that logical or analytical in its development, on what day itís going to be
there but his target and our target is to have him as soon as possible in
the car, ideally at the next race, but if not, it will the next one. But
clear is that he is our second driver and thatís not going to change.
Weíve just heard from Cyril about the engine meeting that took place in
Paris last week. As a privateer team, in what direction would you like to
see the engine regulations go?
MK: Well, for a private team itís extremely important for the costs to come
down again. We had reached with the earlier engines a point where we were
talking about $8m engines and it was meant to be coming down further and now
we just went the totally opposite way. So we want them to come down to an
affordable level. But more importantly there should be a certain parity
amongst the powertrains. We wouldnít want that the engine should be the main
denominator or differentiator in performance. So whatís very important is
the parity and the costs.
Q: Bob, coming on to you, the team was fourth last year, first of the
privateer teams, if you like. Can you give us some insight into how
difficult it has been to prepare for these new rules in 2017?
Robert FERNLEY: Well itís not actually been hugely different than normal. We
obviously look at the following yearís car very early on anyway. We had a
very clear development programme for the í16 car which the technical team
delivered perfectly and, obviously, resulted with the fourth place Ė but we
were also well ahead for the í17 car. So I think, obviously there is a
significant cost involved, simply because there is no carryover in the new
regulations but like everything itís an interesting challenge. Weíre
starting with a clean sheet of paper and youíd like to think that your
technical team can build a car that can do exactly the same again.
Q: Youíve already raced this yearís car once. Thereís quite a large gap from
you to the front, how to you assess the pecking order at the minute?
RF: I donít think thereís any question or doubt about that. Youíve got the
three top teams that are spending significantly more than the rest of the
field and I think thatís the difference.
Q: Is fourth in the Constructorsí Championship a realistic goal for you guys
RF: Absolutely. Absolutely. I think weíll be fighting, it will be very tough
because thereís some very good competition around but thatís probably going
to be one of the most exciting positions thatís going to be fought over for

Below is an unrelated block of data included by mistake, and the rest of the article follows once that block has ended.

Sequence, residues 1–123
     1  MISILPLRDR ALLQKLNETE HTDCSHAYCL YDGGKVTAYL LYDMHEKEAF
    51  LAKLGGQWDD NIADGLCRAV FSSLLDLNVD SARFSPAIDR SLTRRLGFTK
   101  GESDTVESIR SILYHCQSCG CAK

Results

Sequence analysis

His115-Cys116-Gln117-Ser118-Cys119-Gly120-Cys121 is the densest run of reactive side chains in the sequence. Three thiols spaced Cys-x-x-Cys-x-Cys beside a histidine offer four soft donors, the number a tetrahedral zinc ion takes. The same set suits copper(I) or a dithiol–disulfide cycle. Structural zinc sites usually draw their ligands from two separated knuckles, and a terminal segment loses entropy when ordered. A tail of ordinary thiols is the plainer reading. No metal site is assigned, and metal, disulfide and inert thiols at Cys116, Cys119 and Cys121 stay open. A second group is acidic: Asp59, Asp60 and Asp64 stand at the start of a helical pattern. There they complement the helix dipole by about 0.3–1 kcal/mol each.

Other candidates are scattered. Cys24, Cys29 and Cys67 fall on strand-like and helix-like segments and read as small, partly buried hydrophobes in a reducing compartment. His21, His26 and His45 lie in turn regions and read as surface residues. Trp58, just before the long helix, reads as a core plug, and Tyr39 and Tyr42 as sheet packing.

the whole season.
Q: Guenther. Melbourne. Positives and negatives for the team. How do you
reflect on that race?
Guenther STEINER: The positives, for sure you try to think on the positives
but then the negatives always come up. I think qualifying with Romain
qualifying sixth on good speed, no luck or nothing, that was good. Kevin
wasnít so good because he struggled in all the practice sessions with one
problem or another and he just wasnít delivered but after qualifying we were
pretty happy and pretty positive and then in the race we had the failure,
the water leak and the turbo failure consequentially, and you go home
empty-handed. You go away knowing that the car is there. We just need now
always to get always the potential fulfilled and the potential out of the
car in each race track. So, I think in the end itís positive, even with a
little bit of a sour taste.
Q: Itís a very tight midfield this year. Do you think the team has the
development capacity to keep at the front of it?
GS: I donít know. I donít know what the other people are planning to do.
Itís always trying to shoot a moving target here. So, I think I know what we
are going to do. We are going to introduce developments. We have a good plan
in place but I donít know if the others have a better plan or if their
updates are better. That I donít know. Looking back in the past, I think our
quantity and what we want to do is equal to the other midfield teams. For
sure itís nothing compared with the big three but letís hope the quality we
bring to the race track in development and updates is to be in the race with
Q: Franz, great start for the team in Melbourne. How much of a surprise was
it to get both cars in the points given your lack of reliability during
Franz TOST: Winter testing we were suffering a little bit in the first test
with reliability issues but fortunately we could sort out most of the topics